Post by John B. Gartrell, Director, John Hope Franklin Research Center for African and African American History & Culture
The 2021-2022 academic year marked the 25th anniversary of the John Hope Franklin Research Center for African and African American History & Culture. The Franklin Research Center used the theme “Black Lives in Archives” as the thread for a slate of programs that built upon the center’s mission of advancing scholarship on the history and culture of people of African descent.
The anniversary events kicked off in September 2021 with a virtual lecture by Dr. Emilie Boone, Assistant Professor of African American Studies at New York City College of Technology, CUNY. Dr. Boone was invited to respond to an exhibition displayed in the Rubenstein Library’s Photography Gallery entitled “James Van Der Zee and Michael Francis Blake: Picturing Blackness in the 1920s.” Curated by Franklin Research Center director, John B. Gartrell and the center’s 2019-2020 graduate intern, Jessica Stark, the exhibit presented selections from two African American photographers who made portrait style images of everyday African Americans at the height of the “New Negro Movement” of the 1920s.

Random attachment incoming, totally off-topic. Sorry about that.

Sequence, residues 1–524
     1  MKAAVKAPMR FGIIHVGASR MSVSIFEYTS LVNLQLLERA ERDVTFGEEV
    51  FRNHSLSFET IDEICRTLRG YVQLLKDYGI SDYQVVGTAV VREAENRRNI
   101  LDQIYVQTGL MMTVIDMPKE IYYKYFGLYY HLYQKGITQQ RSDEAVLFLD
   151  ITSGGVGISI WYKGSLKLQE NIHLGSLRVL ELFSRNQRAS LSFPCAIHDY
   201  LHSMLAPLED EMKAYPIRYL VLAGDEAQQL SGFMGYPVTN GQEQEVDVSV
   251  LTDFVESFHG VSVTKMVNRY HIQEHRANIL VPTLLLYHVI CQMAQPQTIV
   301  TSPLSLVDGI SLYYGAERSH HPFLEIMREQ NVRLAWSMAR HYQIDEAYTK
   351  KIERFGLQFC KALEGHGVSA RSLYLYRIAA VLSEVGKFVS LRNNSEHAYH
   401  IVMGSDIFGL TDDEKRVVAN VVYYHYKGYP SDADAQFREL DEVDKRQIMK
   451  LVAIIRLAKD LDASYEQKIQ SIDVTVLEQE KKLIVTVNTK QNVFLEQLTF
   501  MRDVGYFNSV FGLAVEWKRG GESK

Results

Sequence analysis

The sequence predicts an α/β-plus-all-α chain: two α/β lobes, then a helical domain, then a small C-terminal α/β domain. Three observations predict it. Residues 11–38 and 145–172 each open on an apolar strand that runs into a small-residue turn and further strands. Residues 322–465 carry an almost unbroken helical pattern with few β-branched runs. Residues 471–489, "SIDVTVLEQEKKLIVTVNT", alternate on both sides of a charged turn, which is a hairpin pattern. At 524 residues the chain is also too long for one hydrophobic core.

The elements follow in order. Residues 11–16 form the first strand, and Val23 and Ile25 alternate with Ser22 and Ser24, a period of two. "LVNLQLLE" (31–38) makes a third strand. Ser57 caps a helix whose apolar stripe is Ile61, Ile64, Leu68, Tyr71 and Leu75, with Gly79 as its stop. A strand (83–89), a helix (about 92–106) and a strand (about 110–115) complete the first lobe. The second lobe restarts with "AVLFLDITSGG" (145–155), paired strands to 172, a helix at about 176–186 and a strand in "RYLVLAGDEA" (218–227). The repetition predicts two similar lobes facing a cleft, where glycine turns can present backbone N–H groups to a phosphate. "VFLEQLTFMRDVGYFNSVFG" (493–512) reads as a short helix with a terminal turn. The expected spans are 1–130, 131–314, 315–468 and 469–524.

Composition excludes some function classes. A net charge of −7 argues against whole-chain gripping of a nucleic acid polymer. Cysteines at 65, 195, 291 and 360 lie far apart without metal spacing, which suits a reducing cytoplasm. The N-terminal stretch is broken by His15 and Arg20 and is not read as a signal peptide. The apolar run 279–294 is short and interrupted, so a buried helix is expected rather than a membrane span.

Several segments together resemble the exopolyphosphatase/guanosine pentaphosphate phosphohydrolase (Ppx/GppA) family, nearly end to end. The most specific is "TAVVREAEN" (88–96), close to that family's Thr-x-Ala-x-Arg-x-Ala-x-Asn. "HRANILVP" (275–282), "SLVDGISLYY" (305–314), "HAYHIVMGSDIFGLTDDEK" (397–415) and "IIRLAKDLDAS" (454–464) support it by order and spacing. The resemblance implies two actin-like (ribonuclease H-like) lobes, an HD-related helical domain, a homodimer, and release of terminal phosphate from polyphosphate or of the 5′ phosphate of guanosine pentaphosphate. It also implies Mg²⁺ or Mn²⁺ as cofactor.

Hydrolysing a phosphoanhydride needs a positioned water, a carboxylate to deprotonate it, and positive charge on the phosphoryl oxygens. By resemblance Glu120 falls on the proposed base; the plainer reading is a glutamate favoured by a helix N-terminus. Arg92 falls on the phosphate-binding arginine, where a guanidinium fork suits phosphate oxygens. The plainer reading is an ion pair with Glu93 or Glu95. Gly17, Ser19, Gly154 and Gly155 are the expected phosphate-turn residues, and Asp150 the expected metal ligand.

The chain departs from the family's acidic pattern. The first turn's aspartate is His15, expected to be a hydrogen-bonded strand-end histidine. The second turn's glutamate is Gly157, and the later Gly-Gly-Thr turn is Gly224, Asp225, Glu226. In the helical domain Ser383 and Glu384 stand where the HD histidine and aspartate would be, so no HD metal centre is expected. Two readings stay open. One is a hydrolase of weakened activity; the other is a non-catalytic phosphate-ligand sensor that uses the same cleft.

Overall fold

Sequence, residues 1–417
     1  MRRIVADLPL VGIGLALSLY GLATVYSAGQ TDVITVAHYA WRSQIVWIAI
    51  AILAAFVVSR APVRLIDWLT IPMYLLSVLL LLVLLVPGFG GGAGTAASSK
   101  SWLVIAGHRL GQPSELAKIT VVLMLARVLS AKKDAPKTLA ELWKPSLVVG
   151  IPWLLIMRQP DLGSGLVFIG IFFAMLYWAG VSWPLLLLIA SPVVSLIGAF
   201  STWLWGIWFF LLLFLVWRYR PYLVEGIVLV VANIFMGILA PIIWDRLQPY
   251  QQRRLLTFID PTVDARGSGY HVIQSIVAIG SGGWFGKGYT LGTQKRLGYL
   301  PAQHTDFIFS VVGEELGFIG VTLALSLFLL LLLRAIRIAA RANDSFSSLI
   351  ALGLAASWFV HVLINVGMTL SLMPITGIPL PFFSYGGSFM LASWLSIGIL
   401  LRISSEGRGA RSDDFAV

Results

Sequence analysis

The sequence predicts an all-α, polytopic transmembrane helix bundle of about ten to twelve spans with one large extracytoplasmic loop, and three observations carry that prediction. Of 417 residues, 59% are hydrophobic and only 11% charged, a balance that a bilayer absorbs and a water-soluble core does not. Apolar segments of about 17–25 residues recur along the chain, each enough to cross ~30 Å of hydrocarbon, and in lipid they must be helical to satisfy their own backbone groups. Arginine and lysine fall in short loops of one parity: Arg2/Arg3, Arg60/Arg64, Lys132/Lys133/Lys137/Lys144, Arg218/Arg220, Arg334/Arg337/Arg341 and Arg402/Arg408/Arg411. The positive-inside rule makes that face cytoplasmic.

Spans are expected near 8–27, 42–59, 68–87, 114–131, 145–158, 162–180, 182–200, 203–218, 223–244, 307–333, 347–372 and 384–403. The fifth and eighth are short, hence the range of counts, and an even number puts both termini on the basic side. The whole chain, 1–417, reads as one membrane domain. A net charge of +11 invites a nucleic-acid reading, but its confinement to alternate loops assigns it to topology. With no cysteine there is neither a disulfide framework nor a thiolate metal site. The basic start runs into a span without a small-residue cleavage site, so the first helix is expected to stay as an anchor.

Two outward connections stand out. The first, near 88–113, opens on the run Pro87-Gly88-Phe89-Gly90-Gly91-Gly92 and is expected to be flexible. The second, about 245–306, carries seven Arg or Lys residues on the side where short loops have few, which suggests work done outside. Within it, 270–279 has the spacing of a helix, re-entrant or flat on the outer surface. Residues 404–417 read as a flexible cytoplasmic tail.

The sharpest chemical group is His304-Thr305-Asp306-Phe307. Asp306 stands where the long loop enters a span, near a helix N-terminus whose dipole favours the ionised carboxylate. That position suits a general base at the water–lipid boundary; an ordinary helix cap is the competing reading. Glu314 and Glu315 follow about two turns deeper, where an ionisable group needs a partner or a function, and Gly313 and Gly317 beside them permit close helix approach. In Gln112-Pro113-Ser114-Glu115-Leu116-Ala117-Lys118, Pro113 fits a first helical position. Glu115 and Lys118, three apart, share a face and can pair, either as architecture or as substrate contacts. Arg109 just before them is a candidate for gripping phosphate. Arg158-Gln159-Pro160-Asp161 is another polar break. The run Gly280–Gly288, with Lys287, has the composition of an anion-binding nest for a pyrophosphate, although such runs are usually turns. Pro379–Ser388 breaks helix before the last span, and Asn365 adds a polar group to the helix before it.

A Black Lives in Archives virtual speaker series during the fall semester featured four scholars who were previously awarded Franklin Research Center travel grants to come to the Rubenstein Library and utilize the Center’s collections. The speakers invited to participate included Brandon K. Winford (University of Tennessee Knoxville), Lisa Bratton (Tuskegee University), Erik S. McDuffie (University of Illinois Urbana-Champaign) and Emilye Crosby (SUNY Geneseo). This “return to the archive” by each scholar highlighted the critical importance of Black collections as a foundation for new directions in the field of African and African American Studies.
And in January, the center hosted a special Archivist Roundtable featuring Gartrell, Chaitra Powell (Curator, Southern Historical Collection, University of North Carolina – Chapel Hill) and Andre Vann (Coordinator of University Archives and Instructor of History, North Carolina Central University). The roundtable was an engaging conversation between three Black archivists discussing the arcs of their respective careers and the challenges and benefits of being caretakers for collections documenting the Black experience. All of the aforementioned virtual events were recorded and are now available through Duke University Libraries’ YouTube channel.
About the Franklin Research Center
In 1995, Dr. John Hope Franklin, James B. Duke Professor Emeritus of History at Duke University, donated his personal archive to Duke. In his honor, the Duke University Libraries founded the John Hope Franklin Research Center for African and African American History and Culture as a designated collecting area specializing in rare book and primary sources documenting people of African descent. Franklin’s archive and his scholarship have been the guiding lights of the Center’s engagement in public programming, teaching, exhibitions, and collaborations. This celebration of “Black Lives in Archives” honored the Center’s role as a premiere destination for researchers near and far over the last twenty-five years.